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Topic: Subsistence economy


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In the News (Tue 25 Jun 19)

  
  Nunavut 99 - The Subsistence Economy
Cash revenues are earned from the subsistence economy by selling sealskins within and between communities as the byproduct of the seal hunt, and by selling arctic char, caribou, or whatever has been hunted.
The importance of maintaining the subsistence economy is nowhere more tragically obvious than in the decline in the early 1970s of the eastern Arctic seal hunt, and the dire social effects of its collapse.
The subsistence economy is also the wellspring of traditional knowledge, or IQ (Inuit Qaujimajatuqangit): once dismissed as the outdated opposite of good western science, it is now recognized as having value for aboriginal and non-aboriginal people alike in our attempt to understand how life interrelates on the tundra or in the sea.
www.nunavut.com /nunavut99/english/subsistence.html   (690 words)

  
  Abstract from 1996 SRA-Europe Annual Meeting
The fundamental distinction between a subsistence economy and its opposite and historical successor, the market economy, resides in the fact that the latter is orientated around the production of surplus, or on the principle of the maximisation of yield.
The basic strategy attributed to the subsistence economy, by contrast, is that of "minimising of risk." According to Groh this strategy of "risk minimisation" expresses in a unity of "underproductivity" - by which is meant, the systematic under-use of resources - and a behavioural orientation in the sense of "leisure preference".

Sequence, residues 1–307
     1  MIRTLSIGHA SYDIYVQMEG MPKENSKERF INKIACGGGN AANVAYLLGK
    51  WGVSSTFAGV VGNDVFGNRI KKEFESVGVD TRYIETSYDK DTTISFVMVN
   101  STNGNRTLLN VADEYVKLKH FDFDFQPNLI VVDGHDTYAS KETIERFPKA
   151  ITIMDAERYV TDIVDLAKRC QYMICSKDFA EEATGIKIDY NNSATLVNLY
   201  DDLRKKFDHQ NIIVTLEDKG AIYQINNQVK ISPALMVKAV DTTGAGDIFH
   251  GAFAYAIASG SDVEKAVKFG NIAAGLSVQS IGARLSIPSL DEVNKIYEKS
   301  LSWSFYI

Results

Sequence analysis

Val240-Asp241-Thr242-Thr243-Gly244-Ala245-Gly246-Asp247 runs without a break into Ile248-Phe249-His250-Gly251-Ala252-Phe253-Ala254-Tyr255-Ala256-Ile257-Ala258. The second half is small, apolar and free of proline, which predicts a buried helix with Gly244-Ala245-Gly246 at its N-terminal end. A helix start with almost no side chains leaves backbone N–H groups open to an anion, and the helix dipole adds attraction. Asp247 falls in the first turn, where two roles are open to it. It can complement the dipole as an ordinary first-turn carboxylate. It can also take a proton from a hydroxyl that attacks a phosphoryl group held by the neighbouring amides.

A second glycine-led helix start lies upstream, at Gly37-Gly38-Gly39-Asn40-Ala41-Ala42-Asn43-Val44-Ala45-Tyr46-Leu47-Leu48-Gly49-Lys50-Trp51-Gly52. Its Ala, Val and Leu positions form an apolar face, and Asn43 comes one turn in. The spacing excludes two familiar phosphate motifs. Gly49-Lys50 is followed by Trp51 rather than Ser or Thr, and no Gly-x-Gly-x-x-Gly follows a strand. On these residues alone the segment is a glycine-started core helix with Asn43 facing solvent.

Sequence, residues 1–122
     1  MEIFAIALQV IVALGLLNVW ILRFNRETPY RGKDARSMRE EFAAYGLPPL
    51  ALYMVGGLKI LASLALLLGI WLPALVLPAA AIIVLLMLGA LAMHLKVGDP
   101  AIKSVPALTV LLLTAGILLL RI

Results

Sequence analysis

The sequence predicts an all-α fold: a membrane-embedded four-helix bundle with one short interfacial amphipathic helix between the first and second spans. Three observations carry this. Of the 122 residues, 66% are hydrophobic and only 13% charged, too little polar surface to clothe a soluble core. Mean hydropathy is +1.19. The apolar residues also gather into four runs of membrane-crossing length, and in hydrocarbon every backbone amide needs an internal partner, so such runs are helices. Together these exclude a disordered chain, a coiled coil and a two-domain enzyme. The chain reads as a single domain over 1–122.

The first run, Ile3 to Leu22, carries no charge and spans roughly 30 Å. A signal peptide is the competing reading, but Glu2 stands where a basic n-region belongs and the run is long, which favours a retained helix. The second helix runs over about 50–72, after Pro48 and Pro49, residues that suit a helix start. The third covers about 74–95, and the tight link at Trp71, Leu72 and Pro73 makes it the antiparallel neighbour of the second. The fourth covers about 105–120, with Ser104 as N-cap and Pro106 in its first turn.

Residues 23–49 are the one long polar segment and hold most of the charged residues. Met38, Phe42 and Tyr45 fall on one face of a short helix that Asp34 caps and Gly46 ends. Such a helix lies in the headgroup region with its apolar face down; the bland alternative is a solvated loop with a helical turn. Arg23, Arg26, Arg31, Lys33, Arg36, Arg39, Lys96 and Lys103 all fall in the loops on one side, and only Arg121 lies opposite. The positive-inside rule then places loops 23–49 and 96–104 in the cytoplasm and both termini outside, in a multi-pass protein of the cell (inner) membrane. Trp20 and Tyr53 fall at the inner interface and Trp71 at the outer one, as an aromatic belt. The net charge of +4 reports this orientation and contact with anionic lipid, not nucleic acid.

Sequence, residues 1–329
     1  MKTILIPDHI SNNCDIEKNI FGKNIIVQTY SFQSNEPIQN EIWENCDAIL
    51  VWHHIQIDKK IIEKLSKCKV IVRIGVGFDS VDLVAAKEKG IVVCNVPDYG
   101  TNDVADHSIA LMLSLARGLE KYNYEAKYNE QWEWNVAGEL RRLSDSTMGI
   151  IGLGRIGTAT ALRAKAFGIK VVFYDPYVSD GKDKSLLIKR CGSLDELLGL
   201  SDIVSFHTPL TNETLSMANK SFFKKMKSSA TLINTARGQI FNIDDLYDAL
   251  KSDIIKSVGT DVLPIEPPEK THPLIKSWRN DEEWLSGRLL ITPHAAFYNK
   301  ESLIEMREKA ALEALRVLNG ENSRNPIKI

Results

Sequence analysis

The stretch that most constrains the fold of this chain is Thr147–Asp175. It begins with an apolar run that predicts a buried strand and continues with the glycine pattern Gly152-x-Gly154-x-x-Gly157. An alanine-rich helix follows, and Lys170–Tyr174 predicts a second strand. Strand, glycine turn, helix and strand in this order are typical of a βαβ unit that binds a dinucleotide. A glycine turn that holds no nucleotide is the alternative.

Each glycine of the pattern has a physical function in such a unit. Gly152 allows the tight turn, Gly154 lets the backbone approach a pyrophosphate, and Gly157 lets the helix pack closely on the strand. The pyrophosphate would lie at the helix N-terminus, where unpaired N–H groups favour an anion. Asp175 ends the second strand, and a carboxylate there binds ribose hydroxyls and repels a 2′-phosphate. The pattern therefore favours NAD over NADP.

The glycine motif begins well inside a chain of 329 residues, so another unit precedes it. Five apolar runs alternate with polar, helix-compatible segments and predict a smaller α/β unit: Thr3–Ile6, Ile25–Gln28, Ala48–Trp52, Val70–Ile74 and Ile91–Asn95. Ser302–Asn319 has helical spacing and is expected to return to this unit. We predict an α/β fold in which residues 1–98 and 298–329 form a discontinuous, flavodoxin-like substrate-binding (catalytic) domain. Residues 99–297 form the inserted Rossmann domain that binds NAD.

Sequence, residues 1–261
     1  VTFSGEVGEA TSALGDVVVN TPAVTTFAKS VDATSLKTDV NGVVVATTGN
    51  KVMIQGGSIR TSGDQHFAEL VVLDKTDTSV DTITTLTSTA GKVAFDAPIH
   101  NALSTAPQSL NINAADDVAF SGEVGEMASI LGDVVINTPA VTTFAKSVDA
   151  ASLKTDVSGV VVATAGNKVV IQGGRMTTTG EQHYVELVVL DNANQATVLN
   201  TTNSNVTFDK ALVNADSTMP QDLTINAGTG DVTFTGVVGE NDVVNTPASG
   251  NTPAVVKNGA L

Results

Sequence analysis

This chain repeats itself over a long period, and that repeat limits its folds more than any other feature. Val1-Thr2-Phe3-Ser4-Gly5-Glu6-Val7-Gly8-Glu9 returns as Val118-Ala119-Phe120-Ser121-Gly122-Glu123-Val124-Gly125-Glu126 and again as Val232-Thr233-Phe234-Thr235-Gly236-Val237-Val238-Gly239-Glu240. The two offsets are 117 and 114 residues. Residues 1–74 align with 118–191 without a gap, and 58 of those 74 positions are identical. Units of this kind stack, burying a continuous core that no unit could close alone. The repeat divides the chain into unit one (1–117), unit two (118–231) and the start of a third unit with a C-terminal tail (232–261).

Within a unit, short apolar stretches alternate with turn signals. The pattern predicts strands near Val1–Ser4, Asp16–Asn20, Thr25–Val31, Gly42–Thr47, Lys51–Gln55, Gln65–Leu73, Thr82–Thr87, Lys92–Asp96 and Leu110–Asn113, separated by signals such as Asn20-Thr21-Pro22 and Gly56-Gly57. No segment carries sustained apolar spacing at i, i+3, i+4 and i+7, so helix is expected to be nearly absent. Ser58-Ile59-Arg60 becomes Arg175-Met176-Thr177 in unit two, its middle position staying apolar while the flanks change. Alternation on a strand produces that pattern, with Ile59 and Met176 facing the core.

In subsistence economies, which to a large extent refrain from technically controlling their resource base, this "under-use" finds expression in a "leisure preference" which indeed leads to a surplus of "work-free" time.
www.riskworld.com /Abstract/1996/sraeurop/ab6ad133.htm   (1910 words)

  
  tScholars.com | Subsistence economy   (Site not responding. Last check: )
Template:Economies A subsistence economy is an economy in which a group obtains the necessities of life through self-provisioning.
For this reason subsistence economies are often lauded by environmentalists who consider market systems too much of a strain on the environment.
Before the invention of currency, subsistence economies were the dominant economic system throughout the world.
www.tscholars.com /encyclopedia/Subsistence_economy   (198 words)

  
 Economies of Communities in Copper River   (Site not responding. Last check: )
Subsistence is a major factor in the economy of both the upper and lower reaches of the river.
The economy is dominated by service sector jobs, federal and state government, and traditional subsistence lifestyles, where locally harvested fish and game, summer gardens and wild plant and berry gathering supplement limited "cash economy" opportunities.
The economy in most of the Copper River basin is less than robust, with poverty rates as high as 40% in some communities, and unemployment over 25% in eight of the 13 communities.
www.ecotrust.org /copperriver/crks_cd/content/pages/background/economy.htm   (2963 words)

  
 Gospel Furthering Fellowship
Economy - Agricultural subsistence economy yet with much potential for development.
The results were a bloated bureaucracy, deterioration of industry and the infrastructure, a serious reduction in living standards and drying up of international investment.
During the 1990's the economy opened up resulting in steady improvement, but the reliance on foreign aid hampers entrepreneurial initiative.
www.gffministries.com /tanzania.asp   (590 words)